Teacher, Learner, Daydream Believer (and never a homecoming queen)

An Introduction…

Feeling a bit like Julie Andrews, I suppose we should “start from the very beginning, a very good place to start…”

I have always been an academic, placing little importance on social aspects of education, or life for that matter. Perhaps it was my upbringing, an only child for the first seven years of my life, born to two scientists in one country, and raised in two others, with a sprinkling of world travel in between for good measure. It was quite intriguing for a child, who did not understand her surroundings, but only reveled in the mercurial nature of such an itinerant lifestyle, one full of museum visits, cultural experiences, and lots and lots of books. Really, there were a lot. My parents stressed the importance of education from a very early age, and I suppose the apple doesn’t fall far from the tree.

While I excelled in school, I seldom enjoyed it. I had to study. And work.  No television. No football games. No prom. Nada.

Sure, I took piano, art, ballet, tennis, and karate lessons as a child/adolescent, all of which my parents remind me were in vain.

Not until I completed my doctoral studies (yes, it took that long), did I begin to appreciate art, music, film, and the importance of social interaction and engagement. Maybe it was just the relief from the stress of trying to be the best at something or finishing something for that matter.  And there were other factors at play such as is life.

These realizations were all as essential to my learning, if not more, than solving equations and memorizing text. However, I needed time to develop these skills, breaking habits a decade in the making. I had to gain an appreciation for sharing learning experiences, which was difficult not only because I was out of practice, but rather, because I placed little value in them. This was not an epiphany. It is something I realized during my years in teaching.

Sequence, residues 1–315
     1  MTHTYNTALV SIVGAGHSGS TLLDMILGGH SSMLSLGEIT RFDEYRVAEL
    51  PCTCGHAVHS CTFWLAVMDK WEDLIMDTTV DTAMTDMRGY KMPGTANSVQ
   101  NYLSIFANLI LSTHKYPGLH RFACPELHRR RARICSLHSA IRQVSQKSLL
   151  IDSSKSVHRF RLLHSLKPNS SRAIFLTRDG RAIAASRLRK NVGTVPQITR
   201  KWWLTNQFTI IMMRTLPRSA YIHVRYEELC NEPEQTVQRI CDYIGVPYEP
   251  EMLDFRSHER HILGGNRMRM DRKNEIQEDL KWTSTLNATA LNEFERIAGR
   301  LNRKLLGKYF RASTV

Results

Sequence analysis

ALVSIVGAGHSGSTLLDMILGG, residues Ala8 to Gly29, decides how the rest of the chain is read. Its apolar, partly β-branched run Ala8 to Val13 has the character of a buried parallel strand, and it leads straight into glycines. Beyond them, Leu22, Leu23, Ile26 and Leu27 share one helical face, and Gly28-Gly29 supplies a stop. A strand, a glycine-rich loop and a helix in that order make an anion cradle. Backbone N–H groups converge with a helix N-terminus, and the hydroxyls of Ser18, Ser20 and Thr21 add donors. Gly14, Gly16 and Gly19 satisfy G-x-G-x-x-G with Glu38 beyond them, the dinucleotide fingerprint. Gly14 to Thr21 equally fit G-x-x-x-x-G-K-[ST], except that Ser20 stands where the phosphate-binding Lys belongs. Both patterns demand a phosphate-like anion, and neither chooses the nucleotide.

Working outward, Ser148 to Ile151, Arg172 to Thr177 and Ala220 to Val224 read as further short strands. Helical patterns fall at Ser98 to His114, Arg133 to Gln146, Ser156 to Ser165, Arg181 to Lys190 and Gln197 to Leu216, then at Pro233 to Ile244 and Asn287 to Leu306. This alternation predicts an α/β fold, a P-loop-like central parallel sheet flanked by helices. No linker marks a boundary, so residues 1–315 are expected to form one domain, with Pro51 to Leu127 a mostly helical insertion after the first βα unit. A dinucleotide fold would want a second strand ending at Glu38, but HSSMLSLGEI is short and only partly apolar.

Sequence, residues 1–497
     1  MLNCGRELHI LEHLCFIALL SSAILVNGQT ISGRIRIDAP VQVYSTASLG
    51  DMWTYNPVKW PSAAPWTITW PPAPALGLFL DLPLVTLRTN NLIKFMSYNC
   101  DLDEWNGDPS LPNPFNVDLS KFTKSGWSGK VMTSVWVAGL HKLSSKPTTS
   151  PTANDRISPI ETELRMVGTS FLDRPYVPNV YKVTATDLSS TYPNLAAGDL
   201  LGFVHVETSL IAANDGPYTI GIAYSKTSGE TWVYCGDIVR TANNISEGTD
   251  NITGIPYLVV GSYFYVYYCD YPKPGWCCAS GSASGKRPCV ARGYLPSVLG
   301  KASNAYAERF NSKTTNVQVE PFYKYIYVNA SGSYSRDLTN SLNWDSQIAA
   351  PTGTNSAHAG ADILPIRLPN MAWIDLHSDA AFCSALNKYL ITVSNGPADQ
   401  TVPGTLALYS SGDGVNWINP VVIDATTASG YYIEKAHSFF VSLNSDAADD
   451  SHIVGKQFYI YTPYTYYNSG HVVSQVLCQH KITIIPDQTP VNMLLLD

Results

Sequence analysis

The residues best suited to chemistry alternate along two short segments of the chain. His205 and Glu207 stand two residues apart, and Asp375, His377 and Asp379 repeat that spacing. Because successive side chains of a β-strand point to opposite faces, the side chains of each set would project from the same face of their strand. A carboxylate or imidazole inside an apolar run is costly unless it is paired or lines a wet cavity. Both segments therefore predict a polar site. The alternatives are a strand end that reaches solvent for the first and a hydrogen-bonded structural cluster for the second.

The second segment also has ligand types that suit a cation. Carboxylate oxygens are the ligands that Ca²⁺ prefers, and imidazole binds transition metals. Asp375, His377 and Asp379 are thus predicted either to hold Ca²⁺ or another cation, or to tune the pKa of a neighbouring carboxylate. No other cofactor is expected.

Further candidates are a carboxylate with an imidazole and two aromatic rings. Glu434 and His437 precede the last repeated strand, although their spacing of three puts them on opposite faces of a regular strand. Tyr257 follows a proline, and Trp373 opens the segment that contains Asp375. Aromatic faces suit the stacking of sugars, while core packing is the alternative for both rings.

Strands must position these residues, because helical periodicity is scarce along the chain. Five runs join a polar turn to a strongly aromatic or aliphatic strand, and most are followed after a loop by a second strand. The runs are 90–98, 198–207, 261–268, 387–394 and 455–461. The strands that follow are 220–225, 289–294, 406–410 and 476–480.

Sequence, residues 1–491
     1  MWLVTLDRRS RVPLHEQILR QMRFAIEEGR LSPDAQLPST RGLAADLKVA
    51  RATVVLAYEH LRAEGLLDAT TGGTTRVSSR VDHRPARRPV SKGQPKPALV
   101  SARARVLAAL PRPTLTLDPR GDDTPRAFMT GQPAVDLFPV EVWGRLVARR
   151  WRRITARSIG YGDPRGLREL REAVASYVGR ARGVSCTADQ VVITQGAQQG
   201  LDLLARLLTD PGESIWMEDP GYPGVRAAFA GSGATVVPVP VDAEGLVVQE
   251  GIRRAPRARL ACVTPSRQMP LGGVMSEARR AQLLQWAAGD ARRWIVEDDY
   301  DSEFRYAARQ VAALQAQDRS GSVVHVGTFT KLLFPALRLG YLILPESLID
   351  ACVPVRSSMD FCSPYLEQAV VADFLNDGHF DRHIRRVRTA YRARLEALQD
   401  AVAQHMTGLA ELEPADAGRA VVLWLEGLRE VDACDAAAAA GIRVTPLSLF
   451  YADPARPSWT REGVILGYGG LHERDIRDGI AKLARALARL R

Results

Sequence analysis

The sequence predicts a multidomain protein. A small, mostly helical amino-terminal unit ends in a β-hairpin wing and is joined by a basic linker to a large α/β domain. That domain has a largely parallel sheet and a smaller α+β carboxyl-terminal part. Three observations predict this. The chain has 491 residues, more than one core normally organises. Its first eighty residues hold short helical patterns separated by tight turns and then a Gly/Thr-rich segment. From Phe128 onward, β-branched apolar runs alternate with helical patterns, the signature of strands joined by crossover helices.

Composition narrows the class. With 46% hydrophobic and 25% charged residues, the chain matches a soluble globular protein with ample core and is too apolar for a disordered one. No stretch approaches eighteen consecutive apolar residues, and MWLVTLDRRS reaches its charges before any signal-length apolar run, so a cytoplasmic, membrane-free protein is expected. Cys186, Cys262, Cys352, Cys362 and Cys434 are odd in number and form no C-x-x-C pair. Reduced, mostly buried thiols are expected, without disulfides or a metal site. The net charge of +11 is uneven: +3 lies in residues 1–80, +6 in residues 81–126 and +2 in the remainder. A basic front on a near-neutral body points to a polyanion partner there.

Teaching has given my life purpose and taught me an important lesson: strive for perfection, but realize that it doesn’t exist. The journey, however, does.

A Chance for Redemption…

I now find myself at Harvard (what?!) with a some of the most amazing people, all of which I have been grateful and humbled to meet. Not only is this community of faculty, staff, and students brilliant, as I expected, but they are supportive,  collaborative, and full of humility. I feel truly blessed to have this opportunity at a second chance to be part of a learning community that is so generous in sharing insights and experiences with one another. They call this place HGSE, pronounced “hugsie” among some, which could not be more indicative of the types of people I have encountered. This is very different than my previous experiences, and I will be honest, can be unnerving at times. Luckily, it seems I am not the only one with reservations.

Loss, pain, joy, and change all help one evolve. I have experienced my fair share of them…and that has made all the difference. It has provided a new perspective which I have brought with me to Harvard. I am different now, and I like this person a lot more. I am still learning to walk the walk and realize I will stumble and fall. I will learn to forgive myself, get back up, and keep on going.

I’ve come too far to turn back now, literally and figuratively, so let’s do this!



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